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Coffee is a beverage that either you love it or hate it. For people who like it will drink it everyday; at least once in the morning during breakfast, and some heavy drinkers may consume as many as 10 cups a day.

On the other hand, people who hate it will blame its “stink” smell left in the mouth after drinking it, and more importantly the numerous bad effects or even harms that caffeine, which embedded in coffee, can bring to the body.

Being loved and consumed by millions of people, the role of coffee in health is somehow controversial. Over the years, numerous studies were conducted on its effect, either good or bad, on heart disease, diabetes and other diseases but no definite conclusion has been arrived so far.

For example, a study, conducted by University of Athens and published in the American Journal of Clinical Nutrition in June 2005, found that coffee drinkers' major blood vessels were stiffer than those of non-coffee drinkers. As such, the researchers urged those people, who have high blood pressure or other risk factors for heart disease and drink more than three cups of coffee a day, to cut down on coffee consumption. In contrast, a report, published in Circulation Journal in May 2006, showed that coffee drinkers did not have a higher risk of heart disease, even for those whose coffee intake exceeding six cups per day.

Yet an interesting research, published in the Journal of the American Medical Association in March 2006, reported that caffeine in coffee is unhealthy for some but beneficial to others, depending on a "gene" that determines how fast the chemical is metabolized.

There are researches that provided evidence of the beneficial effects that coffee can bring to our body, too.

For instance, a study, conducted by the University of Minnesota, reported in the Archives of Internal medicine that there is a link between drinking coffee and a reduced risk of developing Type 2 diabetes. Nevertheless, it is still not clear that whether the protective effect is due to caffeine or other ingredients presented in coffee.

Another study done on more than 14,600 people in Finland, the heaviest coffee-drinking country, provided more evidence in March 2004 that the world’s most widely consumed beverage may reduce diabetic risk.

While the debates go on between different groups of researchers about the good and bad of coffee or rather caffeine, many people who drink coffee have the perception that the caffeine in the coffee can give them the energy they require to stay aware for whatever tasks they intend to accomplish.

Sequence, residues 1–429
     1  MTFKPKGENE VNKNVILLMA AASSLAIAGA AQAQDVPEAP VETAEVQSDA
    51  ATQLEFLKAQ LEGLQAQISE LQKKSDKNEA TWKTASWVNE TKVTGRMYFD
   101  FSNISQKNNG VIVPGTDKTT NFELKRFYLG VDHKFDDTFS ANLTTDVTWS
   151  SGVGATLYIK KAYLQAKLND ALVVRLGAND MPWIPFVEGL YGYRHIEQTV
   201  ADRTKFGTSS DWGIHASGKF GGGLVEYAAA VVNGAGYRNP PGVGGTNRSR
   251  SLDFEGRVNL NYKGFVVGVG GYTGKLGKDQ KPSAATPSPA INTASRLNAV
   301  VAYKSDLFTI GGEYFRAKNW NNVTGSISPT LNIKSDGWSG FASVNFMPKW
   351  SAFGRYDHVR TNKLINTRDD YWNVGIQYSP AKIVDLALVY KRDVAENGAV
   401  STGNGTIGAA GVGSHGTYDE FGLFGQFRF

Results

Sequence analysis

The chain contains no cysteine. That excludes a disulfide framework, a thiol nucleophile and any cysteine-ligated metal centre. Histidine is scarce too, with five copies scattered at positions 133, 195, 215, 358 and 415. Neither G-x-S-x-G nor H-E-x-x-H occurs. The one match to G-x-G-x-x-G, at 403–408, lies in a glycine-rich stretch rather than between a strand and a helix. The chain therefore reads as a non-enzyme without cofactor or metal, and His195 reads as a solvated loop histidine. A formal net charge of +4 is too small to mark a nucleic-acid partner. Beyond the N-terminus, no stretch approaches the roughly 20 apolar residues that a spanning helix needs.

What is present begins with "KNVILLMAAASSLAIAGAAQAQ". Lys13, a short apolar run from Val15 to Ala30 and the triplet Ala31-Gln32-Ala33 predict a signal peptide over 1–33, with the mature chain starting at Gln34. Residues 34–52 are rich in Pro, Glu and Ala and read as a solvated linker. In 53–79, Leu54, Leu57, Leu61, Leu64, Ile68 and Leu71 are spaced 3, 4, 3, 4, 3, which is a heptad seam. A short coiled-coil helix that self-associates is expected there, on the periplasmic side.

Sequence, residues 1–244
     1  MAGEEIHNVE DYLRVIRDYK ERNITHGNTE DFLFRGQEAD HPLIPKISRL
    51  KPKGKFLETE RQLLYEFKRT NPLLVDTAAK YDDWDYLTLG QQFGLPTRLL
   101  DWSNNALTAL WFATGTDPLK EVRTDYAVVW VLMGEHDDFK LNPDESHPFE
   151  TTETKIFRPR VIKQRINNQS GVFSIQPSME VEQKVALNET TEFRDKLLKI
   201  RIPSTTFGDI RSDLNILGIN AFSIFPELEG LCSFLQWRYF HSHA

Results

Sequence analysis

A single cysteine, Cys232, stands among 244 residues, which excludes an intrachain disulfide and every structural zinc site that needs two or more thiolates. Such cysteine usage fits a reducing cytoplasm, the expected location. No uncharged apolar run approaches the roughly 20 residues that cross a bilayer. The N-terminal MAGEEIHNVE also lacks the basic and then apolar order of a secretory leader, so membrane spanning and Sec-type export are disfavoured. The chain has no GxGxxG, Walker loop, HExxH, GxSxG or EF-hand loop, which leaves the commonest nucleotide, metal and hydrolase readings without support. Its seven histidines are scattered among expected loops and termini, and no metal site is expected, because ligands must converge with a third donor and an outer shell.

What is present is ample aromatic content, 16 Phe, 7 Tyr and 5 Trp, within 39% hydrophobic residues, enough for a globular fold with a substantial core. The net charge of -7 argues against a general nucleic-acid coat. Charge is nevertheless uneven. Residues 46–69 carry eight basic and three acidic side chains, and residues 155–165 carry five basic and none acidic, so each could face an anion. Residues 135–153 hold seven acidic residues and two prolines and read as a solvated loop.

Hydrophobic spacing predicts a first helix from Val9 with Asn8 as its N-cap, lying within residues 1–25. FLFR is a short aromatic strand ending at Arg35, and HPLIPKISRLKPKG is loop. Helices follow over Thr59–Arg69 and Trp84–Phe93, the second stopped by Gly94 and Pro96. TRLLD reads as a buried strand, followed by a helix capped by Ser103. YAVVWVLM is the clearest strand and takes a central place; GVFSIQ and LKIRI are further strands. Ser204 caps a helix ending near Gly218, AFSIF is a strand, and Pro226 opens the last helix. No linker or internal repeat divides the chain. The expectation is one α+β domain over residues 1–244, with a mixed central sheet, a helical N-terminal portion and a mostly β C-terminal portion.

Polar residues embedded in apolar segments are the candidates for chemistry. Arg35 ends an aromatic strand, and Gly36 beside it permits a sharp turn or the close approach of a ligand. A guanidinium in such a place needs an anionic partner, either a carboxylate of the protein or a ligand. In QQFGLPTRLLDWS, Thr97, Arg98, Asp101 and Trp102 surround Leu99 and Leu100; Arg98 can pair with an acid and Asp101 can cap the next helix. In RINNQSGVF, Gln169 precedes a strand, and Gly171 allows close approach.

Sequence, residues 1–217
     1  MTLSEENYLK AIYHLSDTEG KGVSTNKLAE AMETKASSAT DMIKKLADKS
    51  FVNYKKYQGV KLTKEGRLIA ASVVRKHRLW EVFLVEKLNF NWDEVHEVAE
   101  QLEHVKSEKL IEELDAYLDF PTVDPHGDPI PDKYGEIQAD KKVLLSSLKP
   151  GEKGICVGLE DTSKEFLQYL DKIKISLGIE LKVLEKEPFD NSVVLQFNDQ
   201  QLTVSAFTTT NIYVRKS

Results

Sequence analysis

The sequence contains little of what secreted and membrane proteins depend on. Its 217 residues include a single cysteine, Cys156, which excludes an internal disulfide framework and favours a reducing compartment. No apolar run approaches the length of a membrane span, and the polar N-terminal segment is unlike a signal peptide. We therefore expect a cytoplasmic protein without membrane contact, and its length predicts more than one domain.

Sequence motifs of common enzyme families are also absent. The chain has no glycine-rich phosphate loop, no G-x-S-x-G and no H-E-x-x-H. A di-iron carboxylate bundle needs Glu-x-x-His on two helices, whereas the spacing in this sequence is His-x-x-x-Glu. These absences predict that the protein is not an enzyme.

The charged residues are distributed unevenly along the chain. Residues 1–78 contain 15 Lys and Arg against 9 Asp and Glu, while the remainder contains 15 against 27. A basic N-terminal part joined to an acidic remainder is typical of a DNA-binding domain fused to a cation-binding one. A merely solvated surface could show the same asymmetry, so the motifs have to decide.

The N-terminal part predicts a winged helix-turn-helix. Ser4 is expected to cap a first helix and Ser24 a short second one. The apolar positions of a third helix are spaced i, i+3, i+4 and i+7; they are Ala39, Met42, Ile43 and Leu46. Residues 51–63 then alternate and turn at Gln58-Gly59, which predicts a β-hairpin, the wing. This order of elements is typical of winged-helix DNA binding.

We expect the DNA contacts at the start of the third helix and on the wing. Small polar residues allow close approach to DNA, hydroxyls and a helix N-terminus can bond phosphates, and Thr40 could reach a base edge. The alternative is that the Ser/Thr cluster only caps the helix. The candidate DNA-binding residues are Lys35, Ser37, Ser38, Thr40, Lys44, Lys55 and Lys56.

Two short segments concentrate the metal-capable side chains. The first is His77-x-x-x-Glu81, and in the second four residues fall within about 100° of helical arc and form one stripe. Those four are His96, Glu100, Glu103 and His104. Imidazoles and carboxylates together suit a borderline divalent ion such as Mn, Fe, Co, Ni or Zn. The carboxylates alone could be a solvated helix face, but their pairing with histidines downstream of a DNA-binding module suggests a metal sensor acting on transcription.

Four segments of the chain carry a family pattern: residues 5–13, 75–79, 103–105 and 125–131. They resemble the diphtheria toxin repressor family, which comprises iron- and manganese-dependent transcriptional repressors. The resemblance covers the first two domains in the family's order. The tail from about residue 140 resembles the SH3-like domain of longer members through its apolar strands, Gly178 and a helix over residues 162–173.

Is this perception correct? Let us take a look of the findings of a survey of 30,000 people. Food or drink most associated with low energy levels was caffeine consumption. Those drinking 4 or more caffeinated drinks, be it tea, coffee or cola, had the lowest energy levels. Why?

The researcher who conducted this survey explained that caffeine will give an immediate boost to our blood sugar level by releasing adrenaline. Glucose is then released so that our muscle can work like hell. However, most of the day’s stresses do not require too much physical action so when we raise our adrenaline levels through drinking coffee, our bloodstream floods with glucose. Because the body does not need that amount of glucose produced, it turns into fat.

In the survey, people who consumed tea or coffee 4 or more times a day were 3 times more likely to suffer from very low energy levels.

Recently, in a small study of female college students, researchers found that a caffeine supplement (equivalent to 2 cups of coffee) seemed to lessen the muscle pain resulted a day after a challenging workout. Known as delayed-onset muscle soreness, the pain is common a day or two after a workout that was more intense than normal. Exercise that involves eccentric contraction of muscles is particularly likely to cause delayed muscle pain.

Despite the apparent positive effect of coffee, the researchers warned that before drinking a couple of cups of coffee before the workout, one should not ignore the possible negative side effects of caffeine: increased feelings of anxiety, heart palpitations, increased blood pressure, upset stomach, increased urination and disrupted sleep.

How about decaf coffee? Since it is free from caffeine, can we can drink as much as decaf coffee as we like?

Though it may have far less caffeine than regular coffee but they may still have enough of the stimulant to cause physical dependence on them. Decaf coffee is often not totally caffeine-free, according to a study conducted by the University Of Florida College Of Medicine in Gainesville. The amount of caffeine though small could be harmful for people who must restrict their caffeine intake for medical reasons. That might include people with a type of kidney disease, individuals with anxiety, or those taking certain types of drugs.

The American Heart Association has said that studies looking at a direct link between caffeine, coffee, and heart disease have produced conflicting results, but 1 or 2 cups of coffee a day does not seem harmful.

So, don’t worry too much about drinking coffee if you are not advised by your doctors to abstain from coffee on medical grounds. But, do limit your intake to a maximum of 3 cups a day since drinking too much coffee can likely harm our body because of its negative side effects.